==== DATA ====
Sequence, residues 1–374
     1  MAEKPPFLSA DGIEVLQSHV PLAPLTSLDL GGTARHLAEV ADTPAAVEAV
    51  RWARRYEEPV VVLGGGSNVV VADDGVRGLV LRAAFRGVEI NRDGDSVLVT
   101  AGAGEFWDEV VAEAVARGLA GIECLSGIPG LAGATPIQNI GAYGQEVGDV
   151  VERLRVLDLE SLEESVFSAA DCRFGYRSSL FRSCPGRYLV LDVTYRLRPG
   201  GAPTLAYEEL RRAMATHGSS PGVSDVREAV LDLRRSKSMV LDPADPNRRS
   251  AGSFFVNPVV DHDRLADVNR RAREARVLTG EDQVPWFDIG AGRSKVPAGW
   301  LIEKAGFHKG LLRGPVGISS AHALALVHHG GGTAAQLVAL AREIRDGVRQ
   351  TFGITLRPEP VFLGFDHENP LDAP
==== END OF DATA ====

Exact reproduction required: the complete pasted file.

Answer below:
Sequence, residues 1–374
     1  MAEKPPFLSA DGIEVLQSHV PLAPLTSLDL GGTARHLAEV ADTPAAVEAV
    51  RWARRYEEPV VVLGGGSNVV VADDGVRGLV LRAAFRGVEI NRDGDSVLVT
   101  AGAGEFWDEV VAEAVARGLA GIECLSGIPG LAGATPIQNI GAYGQEVGDV
   151  VERLRVLDLE SLEESVFSAA DCRFGYRSSL FRSCPGRYLV LDVTYRLRPG
   201  GAPTLAYEEL RRAMATHGSS PGVSDVREAV LDLRRSKSMV LDPADPNRRS
   251  AGSFFVNPVV DHDRLADVNR RAREARVLTG EDQVPWFDIG AGRSKVPAGW
   301  LIEKAGFHKG LLRGPVGISS AHALALVHHG GGTAAQLVAL AREIRDGVRQ
   351  TFGITLRPEP VFLGFDHENP LDAP